Make sure there are no people, vehicles, or things you can crash into when you are learning.

How do you frontside powerslide?

Step 1: Gain speed

Before you start a frontside powerslide, get some momentum, as it is meant to slow you down and possibly bring you to a halt.

Step 2: Place your feet properly

Your front foot location needs to be on top of the skateboard bolts, and your rear foot location needs to be on the tail.

Step 3: Balance

Your board will be easier to control the wider your stance. Balance your weight evenly to maintain a balanced stance, and avoid hitting the nose of the board with your front foot too hard.

Step 4: Jump and shift

It’s easier to powerslide if you aren’t pressing all of your weight onto the board. Right before you slide, bend your knees and take a small jump on your board to reduce friction.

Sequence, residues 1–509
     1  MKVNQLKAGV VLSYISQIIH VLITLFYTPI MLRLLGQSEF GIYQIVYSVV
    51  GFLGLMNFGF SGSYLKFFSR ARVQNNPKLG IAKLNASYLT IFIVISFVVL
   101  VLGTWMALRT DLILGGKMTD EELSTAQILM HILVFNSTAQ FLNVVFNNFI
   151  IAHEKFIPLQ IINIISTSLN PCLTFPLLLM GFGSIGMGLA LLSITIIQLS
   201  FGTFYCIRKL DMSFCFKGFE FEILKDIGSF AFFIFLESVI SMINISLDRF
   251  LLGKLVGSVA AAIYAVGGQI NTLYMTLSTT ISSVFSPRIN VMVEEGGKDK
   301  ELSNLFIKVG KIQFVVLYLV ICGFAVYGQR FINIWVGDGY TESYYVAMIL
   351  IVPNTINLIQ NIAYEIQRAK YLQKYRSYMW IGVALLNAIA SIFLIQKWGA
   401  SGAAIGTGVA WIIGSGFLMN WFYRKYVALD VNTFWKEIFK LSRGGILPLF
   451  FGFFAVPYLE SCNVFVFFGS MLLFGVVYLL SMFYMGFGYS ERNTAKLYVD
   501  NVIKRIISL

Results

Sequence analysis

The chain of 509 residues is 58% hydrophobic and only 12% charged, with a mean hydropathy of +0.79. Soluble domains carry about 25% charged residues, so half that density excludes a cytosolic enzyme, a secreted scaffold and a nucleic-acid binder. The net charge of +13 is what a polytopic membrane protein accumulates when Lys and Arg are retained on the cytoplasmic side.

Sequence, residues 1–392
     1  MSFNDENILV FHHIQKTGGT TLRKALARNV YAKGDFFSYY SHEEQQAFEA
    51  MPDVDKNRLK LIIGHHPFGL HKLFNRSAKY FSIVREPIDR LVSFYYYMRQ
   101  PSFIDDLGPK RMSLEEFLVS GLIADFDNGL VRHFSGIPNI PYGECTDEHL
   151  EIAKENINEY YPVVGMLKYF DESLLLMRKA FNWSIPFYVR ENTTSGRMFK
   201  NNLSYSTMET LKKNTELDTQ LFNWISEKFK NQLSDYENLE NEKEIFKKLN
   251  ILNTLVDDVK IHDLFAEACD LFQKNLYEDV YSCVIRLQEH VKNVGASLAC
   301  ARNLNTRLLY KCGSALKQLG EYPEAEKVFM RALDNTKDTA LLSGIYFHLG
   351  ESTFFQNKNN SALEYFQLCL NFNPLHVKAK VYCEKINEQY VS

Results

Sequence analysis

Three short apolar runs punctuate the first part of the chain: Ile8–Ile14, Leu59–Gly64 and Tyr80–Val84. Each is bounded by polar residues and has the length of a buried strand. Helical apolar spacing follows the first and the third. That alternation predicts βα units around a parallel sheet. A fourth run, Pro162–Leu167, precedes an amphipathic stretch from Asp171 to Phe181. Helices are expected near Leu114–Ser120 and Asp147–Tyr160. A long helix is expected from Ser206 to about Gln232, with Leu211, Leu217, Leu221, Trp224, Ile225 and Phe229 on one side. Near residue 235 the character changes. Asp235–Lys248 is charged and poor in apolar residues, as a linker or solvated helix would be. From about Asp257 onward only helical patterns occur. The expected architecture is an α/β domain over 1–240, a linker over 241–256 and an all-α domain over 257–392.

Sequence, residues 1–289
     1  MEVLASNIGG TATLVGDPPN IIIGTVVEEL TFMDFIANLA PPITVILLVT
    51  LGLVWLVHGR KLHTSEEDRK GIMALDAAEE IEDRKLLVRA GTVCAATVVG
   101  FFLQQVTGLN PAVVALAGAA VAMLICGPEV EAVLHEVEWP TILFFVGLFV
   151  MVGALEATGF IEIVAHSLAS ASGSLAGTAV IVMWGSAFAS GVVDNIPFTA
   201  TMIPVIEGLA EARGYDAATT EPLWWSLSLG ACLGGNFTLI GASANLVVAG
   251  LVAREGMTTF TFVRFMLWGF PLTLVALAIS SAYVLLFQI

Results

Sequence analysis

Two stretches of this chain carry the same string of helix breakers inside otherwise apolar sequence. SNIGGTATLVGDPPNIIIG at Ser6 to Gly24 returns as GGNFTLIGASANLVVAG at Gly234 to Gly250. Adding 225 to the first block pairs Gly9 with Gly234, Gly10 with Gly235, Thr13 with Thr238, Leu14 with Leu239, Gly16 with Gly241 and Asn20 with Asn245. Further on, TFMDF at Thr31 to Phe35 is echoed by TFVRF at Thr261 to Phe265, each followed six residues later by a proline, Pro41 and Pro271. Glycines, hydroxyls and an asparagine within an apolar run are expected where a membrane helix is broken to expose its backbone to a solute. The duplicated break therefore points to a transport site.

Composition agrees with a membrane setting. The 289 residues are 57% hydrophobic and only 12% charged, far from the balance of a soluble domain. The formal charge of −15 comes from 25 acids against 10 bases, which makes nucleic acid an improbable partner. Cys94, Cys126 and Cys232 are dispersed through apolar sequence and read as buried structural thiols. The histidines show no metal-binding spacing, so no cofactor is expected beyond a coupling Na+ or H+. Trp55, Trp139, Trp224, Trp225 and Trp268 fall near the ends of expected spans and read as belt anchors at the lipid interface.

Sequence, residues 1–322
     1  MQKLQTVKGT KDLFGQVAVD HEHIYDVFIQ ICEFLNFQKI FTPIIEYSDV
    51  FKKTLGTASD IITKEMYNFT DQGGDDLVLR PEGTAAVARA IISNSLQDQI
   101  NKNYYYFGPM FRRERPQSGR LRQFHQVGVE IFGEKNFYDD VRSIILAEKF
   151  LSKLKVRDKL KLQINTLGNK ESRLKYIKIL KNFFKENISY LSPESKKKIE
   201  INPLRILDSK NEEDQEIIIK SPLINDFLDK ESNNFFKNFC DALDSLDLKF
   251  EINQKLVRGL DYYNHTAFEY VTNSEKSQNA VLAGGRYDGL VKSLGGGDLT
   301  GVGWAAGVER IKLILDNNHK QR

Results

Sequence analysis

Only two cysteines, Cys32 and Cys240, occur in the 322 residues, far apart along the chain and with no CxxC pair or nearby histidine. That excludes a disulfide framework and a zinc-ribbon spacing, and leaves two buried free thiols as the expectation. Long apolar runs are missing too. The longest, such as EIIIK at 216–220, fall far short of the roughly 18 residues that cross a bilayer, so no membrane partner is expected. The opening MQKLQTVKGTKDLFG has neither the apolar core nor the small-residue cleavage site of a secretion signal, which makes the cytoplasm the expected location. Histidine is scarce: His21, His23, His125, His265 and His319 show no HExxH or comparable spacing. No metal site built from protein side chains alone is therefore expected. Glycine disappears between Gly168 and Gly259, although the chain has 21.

You can prepare to slide the back wheels to a sideways position by adjusting the position of your back foot after lifting up a little.

Step 5: Slide back

It can be difficult to maintain your balance if you suddenly slow down your board while riding.

In order to stop and transition using a powerslide, you must remain balanced as you return to the skating position; otherwise, you may fall to the ground.

How do you backside powerslide?

Step 1: Build momentum

Take your board somewhere like a hill so you can gain speed. Power sliding with momentum is slightly easier.

Step 2: Place your feet properly

The foot in front needs to be over the bolts of the board. the foot at the back needs to be on the tail. Kneel as if you were going to do a frontside powerslide.

Step 3: Push and twist

Maintain your balance by keeping your head above your board. The back foot needs to provide enough power to push the deck, and the front foot needs to provide

enough support for the pivot.